This list of free ebooks is derived from 50 Greatest Love Stories Ever Told All For Love or, The World Well Lost by John Dryden (Gutenberg. eBooks - Category: Romance - Download free eBooks or read books online for free. English; Words; Ages 16 and up; ; A cute love story but she found out him not to be a good boy. will she be able to change him?will their love win over the Part 1 as a pdf you can find here http://www. The fotonovela Un amor perdido (A Lost Love) brought to you by the The fotonovela uses a dramatic story format that helps provoke thoughtful good. Mira Jorge, our baby is moving! Dr., does our baby look healthy? Is it a boy or a girl?.
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Best Love Stories. Novels with memorable love stories. Sorry if my English is not good, I'm from Argentina. reply | flag *. message by. Results 1 - 10 of Diane's Fantasy is a pure romance fiction that shows the. her marriage is strong and her apartment at the top of Noe Valley is the envy of. The PDF you are reading is an electronic version of a physical book that can A catalogue record for this book is available from the British Library . by writing, by telling stories, Beckett's narrator attempts to mend For a good overview of some of these .. or 'phenomenology' of love's One with a discussion of his novel-.
I ordered two coffees and a brownie with ice cream for her. I mean, that's most of it. After that, she was pretty quiet. Could we have run out of conversation so quickly? Had I turned her off by not being related to the poet? She simply sat there, semi-smiling at me.
For something to do, I checked out her notebooks. Her handwriting was curious - small sharp little letters with no capitals who did she think she was, e. And she was taking some pretty snowy courses: Comp.
Isn't that a graduate course? Doesn't she read the Crimson? Doesn't she know who I am? Part of being a big winner is the ability to be a good loser. There's no paradox involved. It's a distinctly Harvard thing to be able to turn any defeat into victory. You played a helluva game. I mean, if you have the option, the last-minute score is preferable.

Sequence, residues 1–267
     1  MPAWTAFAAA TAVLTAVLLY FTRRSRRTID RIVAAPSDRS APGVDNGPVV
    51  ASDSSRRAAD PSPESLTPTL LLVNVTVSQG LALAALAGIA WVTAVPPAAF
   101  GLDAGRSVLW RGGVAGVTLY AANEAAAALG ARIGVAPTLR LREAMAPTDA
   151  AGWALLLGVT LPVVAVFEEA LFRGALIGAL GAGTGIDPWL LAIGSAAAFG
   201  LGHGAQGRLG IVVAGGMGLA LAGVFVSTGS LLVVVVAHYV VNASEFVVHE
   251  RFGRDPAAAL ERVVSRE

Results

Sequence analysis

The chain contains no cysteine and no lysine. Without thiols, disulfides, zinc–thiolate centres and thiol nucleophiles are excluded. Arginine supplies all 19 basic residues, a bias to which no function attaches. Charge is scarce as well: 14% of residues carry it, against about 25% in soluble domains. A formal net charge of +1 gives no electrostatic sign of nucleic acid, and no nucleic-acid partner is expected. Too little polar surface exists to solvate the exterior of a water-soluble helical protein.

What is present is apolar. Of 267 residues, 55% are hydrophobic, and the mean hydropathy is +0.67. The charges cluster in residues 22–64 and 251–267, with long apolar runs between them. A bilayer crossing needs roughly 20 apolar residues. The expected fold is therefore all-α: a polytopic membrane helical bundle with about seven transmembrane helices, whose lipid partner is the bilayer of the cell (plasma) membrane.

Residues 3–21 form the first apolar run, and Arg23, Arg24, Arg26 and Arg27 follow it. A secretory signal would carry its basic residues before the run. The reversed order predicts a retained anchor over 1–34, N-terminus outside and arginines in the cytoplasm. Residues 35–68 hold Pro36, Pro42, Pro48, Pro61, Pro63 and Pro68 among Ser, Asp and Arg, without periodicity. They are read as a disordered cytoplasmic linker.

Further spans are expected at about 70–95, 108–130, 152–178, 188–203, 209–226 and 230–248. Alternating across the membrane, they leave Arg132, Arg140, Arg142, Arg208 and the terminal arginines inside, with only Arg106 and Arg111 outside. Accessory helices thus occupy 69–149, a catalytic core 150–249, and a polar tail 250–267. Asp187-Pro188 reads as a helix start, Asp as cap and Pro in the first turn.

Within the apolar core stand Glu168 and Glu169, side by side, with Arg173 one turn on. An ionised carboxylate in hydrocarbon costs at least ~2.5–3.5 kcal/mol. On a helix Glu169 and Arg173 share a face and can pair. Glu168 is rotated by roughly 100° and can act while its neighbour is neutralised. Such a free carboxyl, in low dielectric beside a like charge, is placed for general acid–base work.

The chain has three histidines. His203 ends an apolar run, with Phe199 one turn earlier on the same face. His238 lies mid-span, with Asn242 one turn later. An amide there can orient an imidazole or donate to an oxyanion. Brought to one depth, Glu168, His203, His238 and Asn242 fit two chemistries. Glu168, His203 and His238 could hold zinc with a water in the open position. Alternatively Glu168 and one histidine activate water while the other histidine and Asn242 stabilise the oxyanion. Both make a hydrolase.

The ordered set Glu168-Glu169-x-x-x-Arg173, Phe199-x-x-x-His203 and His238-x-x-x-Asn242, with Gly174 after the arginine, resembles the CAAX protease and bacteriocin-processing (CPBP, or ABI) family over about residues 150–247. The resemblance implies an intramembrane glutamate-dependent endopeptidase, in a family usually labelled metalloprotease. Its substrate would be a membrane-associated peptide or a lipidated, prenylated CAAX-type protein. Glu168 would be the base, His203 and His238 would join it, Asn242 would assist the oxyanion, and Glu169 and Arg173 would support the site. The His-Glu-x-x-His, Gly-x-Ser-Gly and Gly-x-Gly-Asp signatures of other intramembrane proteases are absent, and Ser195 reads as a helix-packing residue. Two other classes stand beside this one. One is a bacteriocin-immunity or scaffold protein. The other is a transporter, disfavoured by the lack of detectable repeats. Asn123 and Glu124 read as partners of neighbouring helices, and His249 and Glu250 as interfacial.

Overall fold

And as I walked Jenny back to her dorm, I had not despaired of ultimate victory over this snotty Radcliffe bitch. I think I heard snow falling. Phillips Exeter Age '11" lbs.
I made triple sure that Vic Claman, the manager, saw that she got one. And yet I think she thought I was glancing at her. I mean, did she remove her glasses during the National Anthem out of respect for the flag? By the middle of the second period, we were beating Dartmouth That is, Davey Johnston and I were about to perforate their nets.
The Green bastards sensed this, and began to play rougher. Maybe they could break a bone or two before we broke them open.
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The fans were already screaming for blood. And in hockey this literally means blood or, failing that, a goal. As a kind of noblesse oblige, I have never denied them either. Al Redding, Dartmouth center, charged across our blue line and I slammed into him, stole the puck and started down-ice.
The fans were roaring. I could see Davey Johnston on my left, but I thought I would take it all the way, their goalie being a slightly chicken type I had terrorized since he played for Deerfield.
Before I could get off a shot, both their defensemen were on me, and I had to skate around their nets to keep hold of the puck.